In our long sessions scouring the internet, you come across a lot of stuff, some of it seems boring at first but in fact are significant at second glance.

There are two links here. The first one is a project by Taeyoon Choi, who used skateboarding as a common reference point to talk about electricity and the way that it moves through circuits. Science is translated via skateboarding into something relatable, something you can understand and work with. Using a common reference to translate ideas is not an uncommon practice but it is worth noting that “WE” as a culture have made it into the fabric of everyday life.

Click this link to read Taeyoon Choi’s full article.

Our second find is a lecture video about the “Emotional Attachments to the Historic Urban Environment”. An academic style lecture and Q&A session which deals with “our” attachment to skate spots like London’s Southbank (Long Live Southbank is listed as a contributor.)  and the Vancouver skate plaza.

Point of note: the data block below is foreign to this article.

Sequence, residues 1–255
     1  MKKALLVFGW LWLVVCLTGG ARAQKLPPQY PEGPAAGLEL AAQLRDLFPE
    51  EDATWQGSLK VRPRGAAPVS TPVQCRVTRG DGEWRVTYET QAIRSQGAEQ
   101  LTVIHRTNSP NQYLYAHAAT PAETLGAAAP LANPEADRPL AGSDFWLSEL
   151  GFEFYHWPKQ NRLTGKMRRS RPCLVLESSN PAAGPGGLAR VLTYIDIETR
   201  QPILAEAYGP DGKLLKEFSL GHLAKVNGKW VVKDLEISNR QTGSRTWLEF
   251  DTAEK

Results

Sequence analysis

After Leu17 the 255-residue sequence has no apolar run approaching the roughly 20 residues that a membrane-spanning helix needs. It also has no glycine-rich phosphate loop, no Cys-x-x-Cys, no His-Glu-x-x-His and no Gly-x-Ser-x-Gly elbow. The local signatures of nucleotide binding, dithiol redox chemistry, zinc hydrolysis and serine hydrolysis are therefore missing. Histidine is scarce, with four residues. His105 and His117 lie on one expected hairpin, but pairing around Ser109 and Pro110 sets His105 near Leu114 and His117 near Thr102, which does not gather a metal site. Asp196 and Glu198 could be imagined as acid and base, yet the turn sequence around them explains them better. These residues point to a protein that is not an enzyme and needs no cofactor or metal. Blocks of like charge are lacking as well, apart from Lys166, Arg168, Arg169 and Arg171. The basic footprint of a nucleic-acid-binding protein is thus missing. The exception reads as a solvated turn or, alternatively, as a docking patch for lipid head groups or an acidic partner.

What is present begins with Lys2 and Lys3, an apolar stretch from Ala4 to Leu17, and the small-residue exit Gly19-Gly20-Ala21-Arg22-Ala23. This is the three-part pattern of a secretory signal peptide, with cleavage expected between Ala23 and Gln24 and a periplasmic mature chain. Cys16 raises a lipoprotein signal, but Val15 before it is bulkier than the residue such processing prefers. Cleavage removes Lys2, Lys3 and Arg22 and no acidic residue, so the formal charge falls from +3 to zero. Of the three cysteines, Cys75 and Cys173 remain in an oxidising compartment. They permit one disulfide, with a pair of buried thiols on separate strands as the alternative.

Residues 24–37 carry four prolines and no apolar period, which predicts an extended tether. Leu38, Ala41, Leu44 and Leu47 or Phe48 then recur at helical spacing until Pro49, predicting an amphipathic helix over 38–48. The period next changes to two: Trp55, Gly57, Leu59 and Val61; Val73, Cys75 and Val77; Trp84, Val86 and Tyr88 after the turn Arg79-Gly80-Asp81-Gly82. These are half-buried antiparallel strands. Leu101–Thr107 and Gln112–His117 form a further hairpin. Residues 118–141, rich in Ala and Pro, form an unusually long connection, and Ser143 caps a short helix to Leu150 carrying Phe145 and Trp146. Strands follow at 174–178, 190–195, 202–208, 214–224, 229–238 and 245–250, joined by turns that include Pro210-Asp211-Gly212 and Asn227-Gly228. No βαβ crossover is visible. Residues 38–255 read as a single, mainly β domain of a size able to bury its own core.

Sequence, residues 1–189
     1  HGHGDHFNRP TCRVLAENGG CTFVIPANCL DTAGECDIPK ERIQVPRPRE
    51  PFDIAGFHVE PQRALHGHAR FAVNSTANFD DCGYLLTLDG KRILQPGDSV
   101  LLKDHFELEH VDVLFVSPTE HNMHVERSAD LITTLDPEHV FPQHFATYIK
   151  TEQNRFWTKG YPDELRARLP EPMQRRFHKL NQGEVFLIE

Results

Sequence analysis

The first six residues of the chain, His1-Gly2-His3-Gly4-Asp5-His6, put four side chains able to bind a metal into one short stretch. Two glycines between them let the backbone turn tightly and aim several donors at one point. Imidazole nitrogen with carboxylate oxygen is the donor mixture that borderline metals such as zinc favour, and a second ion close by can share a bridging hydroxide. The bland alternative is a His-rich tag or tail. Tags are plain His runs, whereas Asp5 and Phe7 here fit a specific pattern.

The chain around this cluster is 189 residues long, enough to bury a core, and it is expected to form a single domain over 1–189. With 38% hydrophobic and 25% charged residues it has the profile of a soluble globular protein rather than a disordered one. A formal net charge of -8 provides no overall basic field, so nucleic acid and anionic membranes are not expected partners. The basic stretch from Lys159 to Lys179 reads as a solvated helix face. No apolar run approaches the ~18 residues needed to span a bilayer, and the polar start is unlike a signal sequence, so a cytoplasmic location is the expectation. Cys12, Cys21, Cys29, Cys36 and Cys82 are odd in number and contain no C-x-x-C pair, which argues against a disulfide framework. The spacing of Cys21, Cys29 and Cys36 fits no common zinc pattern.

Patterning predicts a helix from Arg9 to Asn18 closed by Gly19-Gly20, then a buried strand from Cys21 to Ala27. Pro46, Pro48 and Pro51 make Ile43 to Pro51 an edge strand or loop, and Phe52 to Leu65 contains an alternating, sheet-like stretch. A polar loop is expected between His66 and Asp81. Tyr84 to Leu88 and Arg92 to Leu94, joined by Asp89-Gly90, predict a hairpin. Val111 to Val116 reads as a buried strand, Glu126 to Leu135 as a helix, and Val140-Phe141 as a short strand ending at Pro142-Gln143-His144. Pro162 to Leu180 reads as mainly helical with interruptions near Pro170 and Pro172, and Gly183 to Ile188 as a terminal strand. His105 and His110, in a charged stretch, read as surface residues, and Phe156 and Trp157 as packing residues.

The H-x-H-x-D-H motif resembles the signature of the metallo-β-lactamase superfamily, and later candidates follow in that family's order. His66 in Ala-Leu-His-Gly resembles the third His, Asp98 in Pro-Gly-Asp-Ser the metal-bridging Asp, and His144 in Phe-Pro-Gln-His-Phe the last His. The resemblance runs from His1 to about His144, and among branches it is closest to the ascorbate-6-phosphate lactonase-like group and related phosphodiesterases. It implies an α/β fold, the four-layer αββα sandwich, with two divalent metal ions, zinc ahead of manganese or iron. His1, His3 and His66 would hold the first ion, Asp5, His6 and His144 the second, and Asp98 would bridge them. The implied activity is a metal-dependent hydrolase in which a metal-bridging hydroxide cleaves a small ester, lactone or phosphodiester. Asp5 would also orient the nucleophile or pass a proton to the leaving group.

At first, this certainly feels like a “harder to watch” video, it has no entertainment value apart from some custard colored pants. But it does have a really strong educational value which can be very useful for skateboarding’s community organizers and city planners. It is a great video for those that need information and in a sense ammunition when dealing with local government or authority figures. If you are well versed in terms like the ones in this video you are more likely to get positive results when it comes to, protecting your spots from skate stoppers or getting a “good” skatepark or plaza built in your environment.

Click the link to get to the website of the SFU.
Select the video “Rebecca Madgin, Why Does the Past Matter?”

Why is it important to note these things? Because it shows us that we have moved out of our niche and into light as far as the debate around public space and learning goes. Noting those developments can open doors for us all, whether it be in school or in the public sphere.




All illustrations taken from Taeyoon Choi’s “Skating the Circuits” piece for
Special thanks to Thomas Mader for helping us find pieces like these.